501 WRF Modeling of Hurricane Norbert Record Rainfall with Monsoon Flooding in Arizona

Tuesday, 24 January 2017
Dorothea Ivanova, Embry-Riddle Aeronautical Univ., Prescott, AZ; and J. White

In early September 2014, remnants of Hurricane Norbert brought record-setting rainfall that swept across the Southwest U.S. Flash flooding in Phoenix caused major damage to infrastructure, roadways, and many human casualties including two fatalities. The Phoenix flash flood of September 7-8th, 2014 resulting from the hurricane Norbert is investigated in this Weather Research and Forecasting (WRF) modeling study. Our goal is to simulate the general features of the boundary layer in Arizona prior and during the flash flood events and to study the related hazardous weather patterns. The unusual vigor of Norbert as it entered Arizona allowed remnant storm bands to cross the core Phoenix metropolitan area, and a record 5.51 inches of rain to fall over the Chandler area in just under seven hours. This was the highest recorded rainfall amount since 1895 for the Chandler area. Warmer than normal sea surface temperatures in the Gulf of California (GC), helped to maintain the intensity of the storm. The rainfall total in these 7-8 hours was greater than the total precipitation during the months of June, July, and August 2014 (NWS 2014). According to NOAA, this was a once in 200 year period event.

       Our WRF modeling study supports the hypothesis that higher than usual for early September Sea Surface Temperatures (SSTs) in GC significantly enhanced the intensity of Norbert and influenced the rainfall rates and the intensity of the flash flood. In particular, the onset of the heavy rainfall occurs after the SSTs exceeded 29oC. Here we explore this idea in a modeling context using the WRF to simulate the 2014 Arizona flood. To test this hypothesis, we investigate boundary layer and the atmospheric circulation in Arizona before and during the heavy rain events. Both the boundary layer water content and CAPE over Maricopa County, and the atmospheric circulation over Arizona changed dramatically over the course of the numerical simulations. WRF ARW (Advanced Research WRF model) successfully simulated the boundary layer properties and CAPE during the flood. The simulated Norbert moisture movement triggers strong winds, damaging rain, and thunderstorms for several days across Arizona. These are serious life and aviation hazards.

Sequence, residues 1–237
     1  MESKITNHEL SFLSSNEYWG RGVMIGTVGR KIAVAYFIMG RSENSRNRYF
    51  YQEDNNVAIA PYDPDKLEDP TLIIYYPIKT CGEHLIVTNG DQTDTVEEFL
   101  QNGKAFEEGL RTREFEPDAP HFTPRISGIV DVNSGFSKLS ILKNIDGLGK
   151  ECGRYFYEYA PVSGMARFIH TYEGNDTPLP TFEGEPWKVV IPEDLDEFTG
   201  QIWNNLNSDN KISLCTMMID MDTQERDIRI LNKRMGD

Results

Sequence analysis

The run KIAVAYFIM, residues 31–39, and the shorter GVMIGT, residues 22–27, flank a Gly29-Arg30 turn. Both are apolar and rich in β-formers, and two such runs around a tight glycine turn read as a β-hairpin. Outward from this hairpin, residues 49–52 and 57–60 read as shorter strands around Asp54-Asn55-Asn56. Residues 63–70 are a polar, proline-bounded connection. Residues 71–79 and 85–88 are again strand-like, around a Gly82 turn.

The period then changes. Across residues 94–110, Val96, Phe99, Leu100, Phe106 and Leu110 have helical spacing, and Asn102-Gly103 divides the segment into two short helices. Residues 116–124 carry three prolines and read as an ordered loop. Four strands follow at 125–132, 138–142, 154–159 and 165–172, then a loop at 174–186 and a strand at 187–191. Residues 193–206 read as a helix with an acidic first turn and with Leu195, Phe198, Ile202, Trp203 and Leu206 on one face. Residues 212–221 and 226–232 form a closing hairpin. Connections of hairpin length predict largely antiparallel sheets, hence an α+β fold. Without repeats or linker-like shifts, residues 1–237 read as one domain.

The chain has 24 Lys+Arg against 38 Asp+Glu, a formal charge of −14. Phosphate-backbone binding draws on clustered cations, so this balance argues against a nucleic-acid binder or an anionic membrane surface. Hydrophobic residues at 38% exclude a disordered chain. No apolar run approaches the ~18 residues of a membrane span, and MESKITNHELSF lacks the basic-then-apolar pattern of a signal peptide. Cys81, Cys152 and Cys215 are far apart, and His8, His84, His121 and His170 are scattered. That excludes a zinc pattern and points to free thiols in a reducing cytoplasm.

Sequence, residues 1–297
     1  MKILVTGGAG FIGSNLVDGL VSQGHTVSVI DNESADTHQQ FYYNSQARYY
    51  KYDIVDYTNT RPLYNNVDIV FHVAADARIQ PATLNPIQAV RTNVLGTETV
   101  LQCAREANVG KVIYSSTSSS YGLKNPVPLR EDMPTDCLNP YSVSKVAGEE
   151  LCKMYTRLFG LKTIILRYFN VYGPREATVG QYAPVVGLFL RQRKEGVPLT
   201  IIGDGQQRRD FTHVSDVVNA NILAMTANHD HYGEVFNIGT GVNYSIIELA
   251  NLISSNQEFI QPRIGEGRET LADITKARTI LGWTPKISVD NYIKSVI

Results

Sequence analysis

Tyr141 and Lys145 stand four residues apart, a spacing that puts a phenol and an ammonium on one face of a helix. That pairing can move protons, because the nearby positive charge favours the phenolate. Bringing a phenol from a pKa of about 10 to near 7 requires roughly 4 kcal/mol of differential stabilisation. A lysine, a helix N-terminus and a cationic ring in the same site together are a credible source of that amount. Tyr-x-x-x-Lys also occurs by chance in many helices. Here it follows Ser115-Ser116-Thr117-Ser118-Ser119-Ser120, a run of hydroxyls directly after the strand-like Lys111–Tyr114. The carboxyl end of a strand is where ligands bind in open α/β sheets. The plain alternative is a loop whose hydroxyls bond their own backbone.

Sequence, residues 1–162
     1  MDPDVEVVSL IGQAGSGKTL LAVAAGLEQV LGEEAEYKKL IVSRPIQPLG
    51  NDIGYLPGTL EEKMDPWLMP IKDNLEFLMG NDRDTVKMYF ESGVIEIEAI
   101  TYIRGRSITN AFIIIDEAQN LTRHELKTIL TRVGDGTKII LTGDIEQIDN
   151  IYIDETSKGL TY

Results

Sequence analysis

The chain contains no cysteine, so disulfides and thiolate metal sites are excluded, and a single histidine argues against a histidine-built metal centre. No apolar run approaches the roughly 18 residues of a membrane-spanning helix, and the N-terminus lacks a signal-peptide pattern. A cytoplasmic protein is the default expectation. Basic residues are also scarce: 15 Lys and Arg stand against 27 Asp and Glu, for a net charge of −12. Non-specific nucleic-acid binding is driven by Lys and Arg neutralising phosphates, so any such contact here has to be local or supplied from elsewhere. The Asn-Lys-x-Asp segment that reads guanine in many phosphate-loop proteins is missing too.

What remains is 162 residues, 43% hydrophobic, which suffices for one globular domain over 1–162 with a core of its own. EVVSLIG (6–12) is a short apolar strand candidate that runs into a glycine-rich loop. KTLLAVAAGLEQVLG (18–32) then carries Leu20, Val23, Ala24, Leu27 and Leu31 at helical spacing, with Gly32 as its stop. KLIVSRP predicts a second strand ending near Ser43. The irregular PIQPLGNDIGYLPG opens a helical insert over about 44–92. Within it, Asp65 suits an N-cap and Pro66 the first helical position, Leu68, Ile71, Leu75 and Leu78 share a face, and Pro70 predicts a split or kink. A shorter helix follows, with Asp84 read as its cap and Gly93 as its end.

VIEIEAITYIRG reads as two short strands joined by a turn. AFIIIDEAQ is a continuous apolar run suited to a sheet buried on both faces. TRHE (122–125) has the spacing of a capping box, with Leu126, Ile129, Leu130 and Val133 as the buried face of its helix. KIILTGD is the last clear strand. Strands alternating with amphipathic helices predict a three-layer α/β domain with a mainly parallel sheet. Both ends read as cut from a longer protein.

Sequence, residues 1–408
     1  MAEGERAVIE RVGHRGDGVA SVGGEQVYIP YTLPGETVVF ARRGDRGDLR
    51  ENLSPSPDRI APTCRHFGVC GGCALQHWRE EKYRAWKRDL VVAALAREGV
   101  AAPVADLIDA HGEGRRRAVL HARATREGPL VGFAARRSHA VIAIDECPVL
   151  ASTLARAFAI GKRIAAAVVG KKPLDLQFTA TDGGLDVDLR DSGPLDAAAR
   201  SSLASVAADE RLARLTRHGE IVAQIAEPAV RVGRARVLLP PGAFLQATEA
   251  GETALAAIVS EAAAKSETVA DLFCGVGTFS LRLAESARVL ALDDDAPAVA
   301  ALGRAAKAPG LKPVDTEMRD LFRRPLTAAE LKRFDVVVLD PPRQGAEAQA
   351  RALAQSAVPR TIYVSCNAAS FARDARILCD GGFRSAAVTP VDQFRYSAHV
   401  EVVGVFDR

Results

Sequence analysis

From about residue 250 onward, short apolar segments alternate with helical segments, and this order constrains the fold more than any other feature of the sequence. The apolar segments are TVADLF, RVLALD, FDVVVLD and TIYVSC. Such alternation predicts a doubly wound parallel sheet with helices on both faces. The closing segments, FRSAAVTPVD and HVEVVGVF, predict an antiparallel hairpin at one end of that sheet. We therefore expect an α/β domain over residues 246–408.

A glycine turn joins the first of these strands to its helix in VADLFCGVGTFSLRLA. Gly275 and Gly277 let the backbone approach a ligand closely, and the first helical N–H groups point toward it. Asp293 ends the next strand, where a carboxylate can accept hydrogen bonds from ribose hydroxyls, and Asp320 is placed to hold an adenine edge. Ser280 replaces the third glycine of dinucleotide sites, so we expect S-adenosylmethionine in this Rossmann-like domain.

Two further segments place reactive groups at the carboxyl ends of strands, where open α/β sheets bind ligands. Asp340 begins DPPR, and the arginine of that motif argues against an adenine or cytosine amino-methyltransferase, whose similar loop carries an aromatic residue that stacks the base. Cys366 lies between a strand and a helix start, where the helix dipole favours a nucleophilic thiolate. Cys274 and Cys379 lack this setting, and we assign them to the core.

After analyzing the predicted evolution of the monsoonal boundary layer properties, and the impact of Hurricane Norbert in numerous WRF simulations, a new understanding emerges as to how the lower atmosphere over the GC interacts with the remnants of hurricane moisture to enhance dramatically the monsoon rainfall. A boundary layer parameterization having high vertical resolution with an accurate treatment of physical processes appears essential for capturing accurately the flood event.

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